3. Learn what symptons to expect how to manage them, and what might cause them. It will help you greatly if you can prepare yourself emotionally, spiritually and intellectually for the daily challenges that may or may not become a part of your life eventually. Learn how to identify signs and symptons of progression, what is your new "normal" and what isn't.

4. Contact relevant organizations and ask about free information packets, support groups and referrals to other organizations that may offer free services and useful resources in areas which you may need help and guidance. (I have a number of useful resources, links and articles listed in our blog and I will include a new one in this article series at the end.)

Join a Support Network or Group:

Several small studies of people with metatastic breast cancer or melanoma showed an association between participation in support groups and longer life. Not just longer life for longer life's sake but quality of life!

Many patient organizations coordinate support networks; try to find one that deals with your individual major specific condition as the lead support system and if possible, secondary support groups for your co-existing disorders.

Learn how other people deal with common problems and what strategies they have found useful for managing symptons. common problems and coping with lifestyle adjustments.

I belong to an autoimmune condition support network as my primary source of personal support, a group for reproductive cancer survivors, a traumatic brain injury survivors caregivers alliance and I check in from time to time with a cancer moms network. They have all helped me tremendously in different areas of my life and I am sure they can be very helpful to you too.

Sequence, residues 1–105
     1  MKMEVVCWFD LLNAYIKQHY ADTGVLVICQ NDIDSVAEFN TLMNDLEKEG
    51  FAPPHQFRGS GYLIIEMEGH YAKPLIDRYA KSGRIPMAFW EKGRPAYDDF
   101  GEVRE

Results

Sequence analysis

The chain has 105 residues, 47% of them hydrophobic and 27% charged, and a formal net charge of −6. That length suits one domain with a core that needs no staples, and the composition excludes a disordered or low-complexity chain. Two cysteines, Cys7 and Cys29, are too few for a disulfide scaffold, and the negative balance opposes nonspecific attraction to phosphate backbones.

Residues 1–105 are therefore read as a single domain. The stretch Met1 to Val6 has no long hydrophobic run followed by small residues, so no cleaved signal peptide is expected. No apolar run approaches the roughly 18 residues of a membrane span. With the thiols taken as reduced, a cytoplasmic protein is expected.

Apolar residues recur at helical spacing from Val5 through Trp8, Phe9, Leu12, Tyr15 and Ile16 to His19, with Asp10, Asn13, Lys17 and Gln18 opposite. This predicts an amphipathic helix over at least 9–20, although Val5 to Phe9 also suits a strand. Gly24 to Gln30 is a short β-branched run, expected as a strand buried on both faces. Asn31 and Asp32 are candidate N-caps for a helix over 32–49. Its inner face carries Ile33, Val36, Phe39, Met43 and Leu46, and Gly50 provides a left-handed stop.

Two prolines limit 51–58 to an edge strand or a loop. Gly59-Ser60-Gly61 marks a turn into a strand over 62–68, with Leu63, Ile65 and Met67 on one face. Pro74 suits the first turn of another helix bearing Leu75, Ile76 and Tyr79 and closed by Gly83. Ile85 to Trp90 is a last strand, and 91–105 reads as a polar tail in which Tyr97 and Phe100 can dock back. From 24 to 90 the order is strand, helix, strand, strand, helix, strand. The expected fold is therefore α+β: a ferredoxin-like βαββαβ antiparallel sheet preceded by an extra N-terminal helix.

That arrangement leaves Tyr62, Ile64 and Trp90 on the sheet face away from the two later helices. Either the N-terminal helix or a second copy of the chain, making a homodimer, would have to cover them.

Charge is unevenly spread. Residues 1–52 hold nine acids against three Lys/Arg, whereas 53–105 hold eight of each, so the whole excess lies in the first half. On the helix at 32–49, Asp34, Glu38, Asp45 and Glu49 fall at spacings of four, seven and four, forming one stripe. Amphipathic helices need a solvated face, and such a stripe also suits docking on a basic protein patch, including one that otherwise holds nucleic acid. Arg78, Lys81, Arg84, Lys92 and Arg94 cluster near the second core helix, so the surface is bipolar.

About the Author: Wilma Colon Ariza is the founder of Stevie JoEllie's Cancer Care Fund a Thyroid Cancer Awareness, Access to Care and Free Supportive Services Nonprofit

Saturday, September 12, 2009

Understanding Chronic Health Conditions: Part 1

My grandmother used to say that if you have lemons you best made some darn good lemonade. It was her version of a commonly used metaphor for making the best of things, specially under difficult circumstances. A gentle, kind hearted and hard working woman that made me laugh the very night before she died, I try to remember and honor her when I feel like giving up and simply can't imagine anything else going wrong.

If you are living with a chronic health condition you are not alone! By some estimates, half of all Americans - 125 million people - suffer from at least one chronic condition. Think about it; almost one in four people live with more that one illness for over half of their lives.

Chronic, by definition, means long lasting or recurring. Examples of common chronic health conditions include arthritis, diabetes, depression, heart disease, Alzheimer's and cancer. Yes, Cancer! Many of our blog followers know that my family has been touched by cancer more times than I care to count and that I have a personal interest in progressive neurological conditions because of my own degenerative autoimmune disorder and my 20 year old son's traumatic brain injury, in this article series I will focus on brain related disorders, but the general guidelines discussed may apply to any chronic health condition.

For more than one third of Americans - some 40 million people- chronic illness takes the form of a brain disorder. These disorders are most commonly the result of damage to brain tissues such as in stroke or head injury and/or progressive dysfunction and death of nerve cells or neurodegeneration, such as occurs in Alzheimer's, Multiple Sclerosis, Parkinson's, Head and Neck or Brain Cancers and in some autoimmune conditions.